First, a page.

The Work Placement Programme has been created to provide 2,000 six-month work experience places for graduates and other individuals. The aim of this scheme is to provide invaluable work experience to individuals who are unemployed, who have recently graduated from college or have very limited experience of the workplace.

To date the number of individuals who have expressed an interest with FÁS in the Programme and who meet the eligible criteria stands at 192. In terms of places, FÁS has received 180 inquiries to date from potential providers, which has resulted in 155 actual places being offered by providers. Considering that FÁS is in the process of finalising its targeted publicity campaign of the Programme, it is encouraging that it is experiencing a considerable level of interest from individuals and providers in the Programme.

The Short Time Training Programme will provide training and income support to 277 workers currently on systematic short time working. Under this programme workers who are on a three-day week and receiving social welfare payments for the days they are not working will receive two days training a week for a period of 52 weeks.

FÁS is in the process of allocating the places on this programme across a number of regions using either its Employment Services offices or its Local Services to Business Unit. To date 124 places have been allocated across two FÁS Regions. FÁS is continuing to explore a number of other possible inquiries from other FÁS regions in relation to the allocation of the remaining places. It is intended that these places will be allocated in the coming weeks.

  71.  Deputy Dan Neville    asked the Tánaiste and Minister for Enterprise, Trade and Employment    if she will make a statement on the case of a person (details supplied) in County Limerick. [28805/09]

Minister of State at the Department of Enterprise, Trade and Employment (Deputy Dara Calleary):  The Redundancy Payments Section of my Department received an application on 1 April, 2009 for a statutory redundancy lump sum payment in respect of the individual referred to. In instances where an employer is unable or refuses to pay the statutory lump sum as [173]required in the first instance, my Department pays the statutory amount from the Social Insurance Fund (SIF) but, before doing so, the Department requires documentary evidence in support of the claim of inability to pay.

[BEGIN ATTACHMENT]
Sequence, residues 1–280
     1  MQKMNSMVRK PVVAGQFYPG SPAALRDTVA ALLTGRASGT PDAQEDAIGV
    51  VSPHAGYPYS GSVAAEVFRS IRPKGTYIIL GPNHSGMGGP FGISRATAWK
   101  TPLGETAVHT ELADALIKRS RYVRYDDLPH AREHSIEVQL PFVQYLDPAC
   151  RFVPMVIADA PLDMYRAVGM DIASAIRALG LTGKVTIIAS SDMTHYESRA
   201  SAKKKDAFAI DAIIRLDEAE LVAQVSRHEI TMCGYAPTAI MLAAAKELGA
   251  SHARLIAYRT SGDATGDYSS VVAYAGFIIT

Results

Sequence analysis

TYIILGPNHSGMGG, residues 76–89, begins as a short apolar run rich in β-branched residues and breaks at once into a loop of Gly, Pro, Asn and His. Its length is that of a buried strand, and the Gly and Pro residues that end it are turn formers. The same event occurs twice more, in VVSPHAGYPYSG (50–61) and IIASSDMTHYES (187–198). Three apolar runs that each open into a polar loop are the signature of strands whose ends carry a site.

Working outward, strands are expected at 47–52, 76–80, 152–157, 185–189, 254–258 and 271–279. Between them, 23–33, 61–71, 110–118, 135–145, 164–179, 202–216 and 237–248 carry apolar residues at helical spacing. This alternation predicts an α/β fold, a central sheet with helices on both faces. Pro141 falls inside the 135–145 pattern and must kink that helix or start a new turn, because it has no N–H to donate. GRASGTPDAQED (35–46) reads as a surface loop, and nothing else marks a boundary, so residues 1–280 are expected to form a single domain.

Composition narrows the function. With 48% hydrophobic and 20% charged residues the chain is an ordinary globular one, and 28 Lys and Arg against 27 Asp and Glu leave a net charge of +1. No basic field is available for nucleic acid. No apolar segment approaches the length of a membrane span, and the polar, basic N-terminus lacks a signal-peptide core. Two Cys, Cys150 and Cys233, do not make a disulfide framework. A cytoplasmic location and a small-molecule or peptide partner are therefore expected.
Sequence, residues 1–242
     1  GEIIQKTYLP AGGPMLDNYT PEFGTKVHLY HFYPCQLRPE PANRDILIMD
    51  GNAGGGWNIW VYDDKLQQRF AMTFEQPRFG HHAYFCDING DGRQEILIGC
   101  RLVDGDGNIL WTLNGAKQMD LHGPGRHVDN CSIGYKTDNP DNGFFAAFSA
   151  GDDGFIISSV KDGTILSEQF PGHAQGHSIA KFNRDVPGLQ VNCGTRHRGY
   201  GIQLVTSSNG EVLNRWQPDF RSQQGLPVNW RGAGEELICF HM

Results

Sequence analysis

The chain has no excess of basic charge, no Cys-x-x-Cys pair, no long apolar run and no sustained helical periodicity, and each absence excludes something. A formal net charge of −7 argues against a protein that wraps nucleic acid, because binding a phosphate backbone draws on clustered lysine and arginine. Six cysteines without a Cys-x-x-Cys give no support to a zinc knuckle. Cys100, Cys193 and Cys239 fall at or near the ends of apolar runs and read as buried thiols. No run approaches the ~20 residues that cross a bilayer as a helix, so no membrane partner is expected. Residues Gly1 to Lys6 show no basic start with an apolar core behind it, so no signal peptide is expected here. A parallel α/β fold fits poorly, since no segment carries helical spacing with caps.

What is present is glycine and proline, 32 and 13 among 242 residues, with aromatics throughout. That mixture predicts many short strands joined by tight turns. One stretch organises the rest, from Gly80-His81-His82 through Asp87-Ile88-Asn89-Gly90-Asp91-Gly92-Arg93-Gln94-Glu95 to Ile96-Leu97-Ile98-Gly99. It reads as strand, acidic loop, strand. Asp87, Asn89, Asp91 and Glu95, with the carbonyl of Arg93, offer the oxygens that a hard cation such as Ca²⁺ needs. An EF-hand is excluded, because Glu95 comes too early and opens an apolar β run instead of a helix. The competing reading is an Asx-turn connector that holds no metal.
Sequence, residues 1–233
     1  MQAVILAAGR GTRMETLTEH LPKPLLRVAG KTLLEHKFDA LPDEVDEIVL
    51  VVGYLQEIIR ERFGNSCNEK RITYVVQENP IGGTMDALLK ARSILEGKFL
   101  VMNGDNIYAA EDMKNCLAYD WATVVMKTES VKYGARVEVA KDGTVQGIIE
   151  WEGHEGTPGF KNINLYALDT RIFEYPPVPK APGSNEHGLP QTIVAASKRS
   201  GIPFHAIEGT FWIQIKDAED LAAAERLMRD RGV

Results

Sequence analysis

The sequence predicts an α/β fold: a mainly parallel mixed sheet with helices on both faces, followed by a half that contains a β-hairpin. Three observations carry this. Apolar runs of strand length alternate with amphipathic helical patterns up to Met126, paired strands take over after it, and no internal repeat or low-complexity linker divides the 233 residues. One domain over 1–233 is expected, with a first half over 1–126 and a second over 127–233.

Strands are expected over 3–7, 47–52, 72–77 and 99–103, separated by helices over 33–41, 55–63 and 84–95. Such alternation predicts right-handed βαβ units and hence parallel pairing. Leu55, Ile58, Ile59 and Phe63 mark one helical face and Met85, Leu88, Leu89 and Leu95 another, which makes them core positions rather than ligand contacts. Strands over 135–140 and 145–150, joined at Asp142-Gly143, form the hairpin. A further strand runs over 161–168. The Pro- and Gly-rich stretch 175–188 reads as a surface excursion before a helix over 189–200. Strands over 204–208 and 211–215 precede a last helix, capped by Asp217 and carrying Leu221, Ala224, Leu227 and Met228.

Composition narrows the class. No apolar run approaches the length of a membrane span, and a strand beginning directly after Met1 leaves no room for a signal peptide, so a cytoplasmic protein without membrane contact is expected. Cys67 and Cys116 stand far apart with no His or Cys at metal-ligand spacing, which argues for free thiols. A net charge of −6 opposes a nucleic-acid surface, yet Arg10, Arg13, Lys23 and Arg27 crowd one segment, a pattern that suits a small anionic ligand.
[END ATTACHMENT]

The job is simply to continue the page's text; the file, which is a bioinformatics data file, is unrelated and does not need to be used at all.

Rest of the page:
In all such cases, the employer is asked to provide to the Department a letter from his accountant or solicitor confirming inability to pay as well as other documentary evidence (i.e. audited accounts or statement of affairs) within 30 days of the Department’s request. In this particular case, the necessary support documentation has now been supplied and the documents are currently being examined. Assuming the documentation is in order, it should be possible to issue payment in this case shortly.

  72.  Deputy Róisín Shortall    asked the Tánaiste and Minister for Enterprise, Trade and Employment    if a person, who was made unemployed 12 months ago but in the intervening time signed off for a few days and suspended their jobseeker’s payment for that short period, will qualify for community employment under current rules; and the way short periods of employment are treated in relation to eligibility for community employment. [28810/09]